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Epilepsy is a neurological disorder in which the nerve cell activity of brain is disturbed, causing an abnormal body movement and behavior called seizure. During seizure, person may have abnormal behavior and may lose consciousness.
A seizure or convulsion is a sudden change in the behavior that occurs after an abnormal electrical activity in the brain. The person’s body muscles contract and relax uncontrollably and repeatedly. Seizures are classified in to Focal seizures, when the seizures results from abnormal activity in just one area of brain or Generalized seizures, when the seizures that involve multiple areas of the brain.
If the seizure lasts for more than five minutes, and problem in breathing or consciousness doesn't return after the seizure stops, seek immediate medical attention.
There are no identifiable causes of epilepsy. It may be due to genetic causes or due to brain trauma, infections or developmental disorders.
Certain factors may increase the risk of epilepsy, such as age, and family history. Epilepsy may trigger following a head injury or stroke. In older adults dementia increases the risk of epilepsy.
Depending on which part of the brain is involved, the symptoms of epilepsy may differ. The symptoms may occur suddenly and stop in a few seconds to 15 minutes.
These may include:
It is important to have a thorough diagnosis and identification of type of epilepsy, for choosing right treatment. Most of the seizures are controlled through medication and diet, but in some cases surgery may be needed. The treatment is chosen according to the duration, frequency and severity of seizures, also after considering age and health of the patient.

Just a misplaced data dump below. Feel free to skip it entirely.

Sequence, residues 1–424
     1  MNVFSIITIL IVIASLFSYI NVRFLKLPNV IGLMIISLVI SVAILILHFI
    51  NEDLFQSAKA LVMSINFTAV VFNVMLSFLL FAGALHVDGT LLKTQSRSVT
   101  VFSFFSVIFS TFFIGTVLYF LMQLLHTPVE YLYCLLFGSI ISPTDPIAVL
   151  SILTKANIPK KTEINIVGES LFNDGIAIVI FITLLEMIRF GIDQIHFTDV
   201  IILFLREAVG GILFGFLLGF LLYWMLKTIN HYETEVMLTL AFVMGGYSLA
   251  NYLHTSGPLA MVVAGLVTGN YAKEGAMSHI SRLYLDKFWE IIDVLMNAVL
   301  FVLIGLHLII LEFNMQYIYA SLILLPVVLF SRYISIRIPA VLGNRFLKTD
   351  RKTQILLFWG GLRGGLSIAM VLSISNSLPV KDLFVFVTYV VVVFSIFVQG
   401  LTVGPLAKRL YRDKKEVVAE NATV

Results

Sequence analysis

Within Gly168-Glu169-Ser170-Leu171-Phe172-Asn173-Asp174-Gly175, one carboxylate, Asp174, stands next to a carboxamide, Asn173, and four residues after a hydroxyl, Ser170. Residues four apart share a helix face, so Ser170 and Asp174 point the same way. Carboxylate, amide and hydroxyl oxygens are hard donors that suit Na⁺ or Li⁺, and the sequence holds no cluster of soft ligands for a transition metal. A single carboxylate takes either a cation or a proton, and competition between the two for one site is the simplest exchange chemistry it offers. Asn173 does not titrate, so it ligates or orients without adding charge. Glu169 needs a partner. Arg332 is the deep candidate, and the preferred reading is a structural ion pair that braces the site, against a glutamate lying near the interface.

It is important to educate patient and family members about epilepsy and the measures to be taken during seizure. The social and psychological support plays an important role.
Sometimes epilepsy itself may damage brain and can be deadly. Thus it is important to seek medical assistance at the earliest.
Some complications of the epilepsy may sometime endanger life. Situations like a fall during seizure may cause head injury or bone fractures. If the person with epilepsy swims or drives may cause accidents due to loss of control on seizures. The operating of large machineries and working on the top of multistoried buildings are to be considered dangerous to people with epilepsy.
If a woman with epilepsy plans to get pregnant, it is advisable to talk to the physician. Women with epilepsy should take extra care as the seizures during pregnancy may endanger both mother and baby. Also some of the anti-epileptic drugs are known to cause birth defects. With careful monitoring during pregnancy, and proper adjustment of medications, women with epilepsy can deliver a healthy baby.
Some time the seizures will be so obvious that the people around can recognize and act accordingly. But sometime the seizures will be without any signs and it may start with a sudden fall. Any sharp or solid objects nearby could be removed during the seizure. Turn the person on his side so as to prevent the blocking of airways by fluid he vomits. Raise his head a little, loosen tight cloths around chest and neck and open the airway. If there is clutching of teeth; hold the jaw gently to avoid biting the tongue.
Allow him to move around if he is not in danger. It is advisable not to insert anything into the mouth including liquid medicines due to the fear of choking.
If the patient is pregnant or diabetic or he does not return to normal within 5-10 minutes, take him to doctor immediately. Note the duration of seizure and other symptoms so as to help doctor inside the emergency room. Stay with him until he returns to complete consciousness.
Epilepsy. http://www.epilepsy.com/. Epilepsy foundation website. Accessed on 23 September 2014.Seizures.
http://www.nlm.nih.gov/medlineplus/ency/article/003200.htm . U.S. National Library of Medicine website. Accessed on 23 September 2014.